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Timmy's legacy

If you didn’t know, coffee is a big deal. Coffee is in fact the second largest traded commodity in the world.

The first one, oil, is something Canada produces in abundance. But even though Canada doesn’t produce coffee beans, it seems addicted to it. Canada now ranks third amongst the world’s largest coffee drinkers in the world, after the Netherlands and Finland. The average Canadian drinks a whopping 152 liters of coffee annually.

That’s almost the size of a barrel of oil. As Canadians savour their coffee more than ever, however, people are wondering if this trend is actually desirable.

Many years ago, Canadians travelling to Europe quickly noticed two shockingly lifestyle differences: more smoking and aromatic coffee. The smoking differential remains while coffee, on the other hand, has lessened in recent years. Europeans drink mainly smaller, stronger coffee portions, yet North American coffees have changed dramatically.

The charge for stronger coffee, led by Starbucks more than two decades ago, enticed other retailers to adjust as the North American consumer’s palate for coffee changed. This same phenomenon has occurred in Canada. Most with significant market shares in coffee have “Europeanized” their coffees, including Tim Horton’s. What was coupled with this phenomenon is McDonalds’ Canada has also made in-roads in the coffee game in recent years. With one restaurant per 25,000 Canadians, McDonalds’ success in the coffee space has been noticeable.

When looking at Canada’s love affair for coffee, Tim Horton’s legacy can hardly be overlooked. Canadians may possibly drink more coffee due to our colder climate, as Scandinavian countries do, but the story is much more complex than that. Canada has one Tim Horton’s for every 9,000 consumers, which is a high ratio.

It has built its empire by connecting with many communities in many ways, both urban and rural. For decades, their corporate and social engagement was textbook, as Tim Horton’s sponsors sport teams and holds summer camp drives.

By giving back, Tim Horton’s has sold more coffee. It is not a fluke that Canadians are the largest consumers of coffee outside the household, according to Eurometer. That trend, is known in the sector as the “Timmy’s effect” and has been on-going for more than a decade. Coffee drinking in Canada has changed immensely over the last five years.

Yet in recent years the demand for coffee outside the home has contracted in Canada by almost 3% yearly. The rising popularity of the single-serve market and coffee machines has positioned itself as a strong rival to the traditional drip brewers, prompting more to drink at home. Deemed more convenient and less wasteful, the single-serve coffee pods have put Canada almost at the top of coffee drinkers in the world.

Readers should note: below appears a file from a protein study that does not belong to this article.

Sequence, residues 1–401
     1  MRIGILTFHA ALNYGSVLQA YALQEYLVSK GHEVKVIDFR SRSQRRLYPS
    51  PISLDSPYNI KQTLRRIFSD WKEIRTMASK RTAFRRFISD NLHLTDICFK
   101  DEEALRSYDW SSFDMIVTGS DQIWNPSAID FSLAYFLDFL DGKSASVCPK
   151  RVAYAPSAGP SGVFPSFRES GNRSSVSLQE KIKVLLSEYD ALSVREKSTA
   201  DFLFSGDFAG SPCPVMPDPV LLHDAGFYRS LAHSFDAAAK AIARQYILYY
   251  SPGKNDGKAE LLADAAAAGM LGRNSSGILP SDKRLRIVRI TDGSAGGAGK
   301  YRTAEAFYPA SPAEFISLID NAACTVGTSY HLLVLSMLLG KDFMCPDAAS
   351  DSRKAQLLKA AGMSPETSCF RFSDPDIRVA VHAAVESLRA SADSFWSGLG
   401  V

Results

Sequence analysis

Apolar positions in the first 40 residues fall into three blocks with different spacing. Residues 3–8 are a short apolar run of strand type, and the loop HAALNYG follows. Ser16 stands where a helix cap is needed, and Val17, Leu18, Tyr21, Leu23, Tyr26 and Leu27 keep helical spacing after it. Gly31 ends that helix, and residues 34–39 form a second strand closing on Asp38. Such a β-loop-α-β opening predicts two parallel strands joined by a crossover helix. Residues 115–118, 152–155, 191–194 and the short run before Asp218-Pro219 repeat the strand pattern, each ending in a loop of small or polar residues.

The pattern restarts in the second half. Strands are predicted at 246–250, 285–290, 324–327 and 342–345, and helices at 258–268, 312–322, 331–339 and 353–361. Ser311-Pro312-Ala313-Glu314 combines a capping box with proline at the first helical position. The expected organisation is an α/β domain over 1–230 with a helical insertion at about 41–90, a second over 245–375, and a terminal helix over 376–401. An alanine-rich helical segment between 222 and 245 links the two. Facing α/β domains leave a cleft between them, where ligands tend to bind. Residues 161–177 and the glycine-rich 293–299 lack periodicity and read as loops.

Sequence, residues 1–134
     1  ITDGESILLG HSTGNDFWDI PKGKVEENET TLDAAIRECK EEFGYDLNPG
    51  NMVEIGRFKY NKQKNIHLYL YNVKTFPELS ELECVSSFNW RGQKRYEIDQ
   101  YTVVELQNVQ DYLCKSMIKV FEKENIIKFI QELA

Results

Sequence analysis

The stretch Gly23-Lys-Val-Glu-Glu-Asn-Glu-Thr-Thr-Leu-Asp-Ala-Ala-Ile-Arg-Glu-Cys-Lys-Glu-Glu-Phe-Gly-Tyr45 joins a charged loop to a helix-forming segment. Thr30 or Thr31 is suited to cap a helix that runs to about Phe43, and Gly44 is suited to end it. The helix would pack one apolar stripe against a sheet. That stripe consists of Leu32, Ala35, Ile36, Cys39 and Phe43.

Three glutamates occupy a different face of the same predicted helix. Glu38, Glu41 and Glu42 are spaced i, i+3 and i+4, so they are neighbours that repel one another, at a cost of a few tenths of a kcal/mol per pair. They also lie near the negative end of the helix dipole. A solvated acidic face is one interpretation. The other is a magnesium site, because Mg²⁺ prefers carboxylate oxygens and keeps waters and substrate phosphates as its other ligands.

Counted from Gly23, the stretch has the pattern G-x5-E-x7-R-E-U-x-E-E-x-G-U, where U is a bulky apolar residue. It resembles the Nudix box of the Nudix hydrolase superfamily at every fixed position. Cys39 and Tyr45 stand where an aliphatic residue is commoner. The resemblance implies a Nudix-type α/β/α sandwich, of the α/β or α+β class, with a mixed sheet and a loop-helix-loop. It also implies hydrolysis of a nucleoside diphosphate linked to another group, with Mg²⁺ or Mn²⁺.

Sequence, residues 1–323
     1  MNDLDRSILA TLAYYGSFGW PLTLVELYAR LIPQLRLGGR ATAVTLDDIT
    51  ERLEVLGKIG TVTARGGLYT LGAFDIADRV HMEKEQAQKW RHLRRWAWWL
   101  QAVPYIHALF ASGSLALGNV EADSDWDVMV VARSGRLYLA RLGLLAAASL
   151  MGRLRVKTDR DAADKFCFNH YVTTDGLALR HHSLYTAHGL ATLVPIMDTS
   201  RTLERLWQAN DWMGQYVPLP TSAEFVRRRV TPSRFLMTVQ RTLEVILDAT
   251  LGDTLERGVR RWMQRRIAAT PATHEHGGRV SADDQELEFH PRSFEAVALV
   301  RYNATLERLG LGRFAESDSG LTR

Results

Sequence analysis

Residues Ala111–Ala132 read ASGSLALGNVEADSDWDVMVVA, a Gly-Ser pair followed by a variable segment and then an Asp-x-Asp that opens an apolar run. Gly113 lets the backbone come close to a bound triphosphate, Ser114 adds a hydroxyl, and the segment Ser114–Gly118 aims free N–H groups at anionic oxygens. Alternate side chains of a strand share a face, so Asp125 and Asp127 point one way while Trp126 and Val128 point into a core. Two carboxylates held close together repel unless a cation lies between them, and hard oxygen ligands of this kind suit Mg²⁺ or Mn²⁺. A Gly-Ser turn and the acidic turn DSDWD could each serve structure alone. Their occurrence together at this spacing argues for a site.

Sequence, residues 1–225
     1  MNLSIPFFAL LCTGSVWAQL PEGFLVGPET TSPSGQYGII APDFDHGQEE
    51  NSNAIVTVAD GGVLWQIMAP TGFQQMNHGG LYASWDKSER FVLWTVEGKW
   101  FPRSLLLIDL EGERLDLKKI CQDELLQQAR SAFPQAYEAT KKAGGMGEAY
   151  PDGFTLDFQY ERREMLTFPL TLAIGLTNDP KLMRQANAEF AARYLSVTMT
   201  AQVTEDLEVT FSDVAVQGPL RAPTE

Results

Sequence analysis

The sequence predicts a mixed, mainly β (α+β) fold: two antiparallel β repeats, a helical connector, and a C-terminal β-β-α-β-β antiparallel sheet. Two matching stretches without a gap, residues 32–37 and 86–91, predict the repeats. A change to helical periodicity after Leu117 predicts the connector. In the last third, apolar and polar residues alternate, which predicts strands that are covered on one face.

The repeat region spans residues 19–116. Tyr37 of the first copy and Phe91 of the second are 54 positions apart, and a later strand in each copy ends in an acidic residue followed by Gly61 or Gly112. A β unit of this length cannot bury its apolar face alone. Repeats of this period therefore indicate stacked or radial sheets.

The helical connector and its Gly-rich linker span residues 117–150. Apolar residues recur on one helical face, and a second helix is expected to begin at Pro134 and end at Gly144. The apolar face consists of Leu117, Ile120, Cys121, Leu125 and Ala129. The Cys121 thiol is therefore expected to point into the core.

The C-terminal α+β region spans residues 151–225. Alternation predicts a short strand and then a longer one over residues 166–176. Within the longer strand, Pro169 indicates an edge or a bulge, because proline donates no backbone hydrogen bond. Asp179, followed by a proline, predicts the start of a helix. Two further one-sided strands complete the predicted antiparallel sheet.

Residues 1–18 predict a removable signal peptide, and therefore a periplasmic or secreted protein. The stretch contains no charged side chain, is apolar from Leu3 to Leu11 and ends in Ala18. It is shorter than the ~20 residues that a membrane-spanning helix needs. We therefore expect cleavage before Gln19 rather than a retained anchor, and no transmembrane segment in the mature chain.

That is why many coffee retailers are selling us pods at a cost to the environment. With some leadership from companies like Loblaw, Canada has seen its first compostable coffee pod. More manufacturers will follow suit, to the delight of Millennials looking for sustainable solutions. Speaking of which, Millennials have also something to do with this as their consumption is increasing annually in the order of 5% to 6%.

To help coffee’s cause, the commodity is getting some good press of late. Many studies suggest that drinking up to 4 cups of coffee per day may actually be healthy.

The International Agency for Research on Cancer (IARC) has recently downgraded coffee from a cancerous food product to one that is part of a healthy diet. In fact, it has stated that coffee can lower the risk for liver and uterine cancer, but the IARC does warn against drinking very hot beverages (anything over 150 degrees Fahrenheit) since they are considered to be possible carcinogens.

Over the last 50 years, Tim Horton’s leadership has given us a very different coffee drinker in Canada, but things may change. In a mega deal in 2014, our beloved Tim Horton’s was sold to 3G Capital and Warren Buffett’s Berkshire Hathaway, owner of Burger King. In a tax inversion scheme, Tim Horton’s remained Canadian-based but is now American-controlled.

With a new owner, Tim Horton’s is arguably a very different company now, with many layoffs and new hires in recent months. It is even turning its attention to the U.K. where it is trying to make a case with British consumers.

Beyond Canada, and perhaps the Middle East, Tim Horton’s really hasn’t had much success. It will be interesting to see if Restaurant Brands International, Tim Horton’s new owner, can figure out how to lure the British away from their tea and adopt a double-double. Meanwhile, Tim Horton’s should never forget how it has transformed the coffee market in Canada to its benefit. Because if it does, other retailers are more than ready to pick-up the baton.

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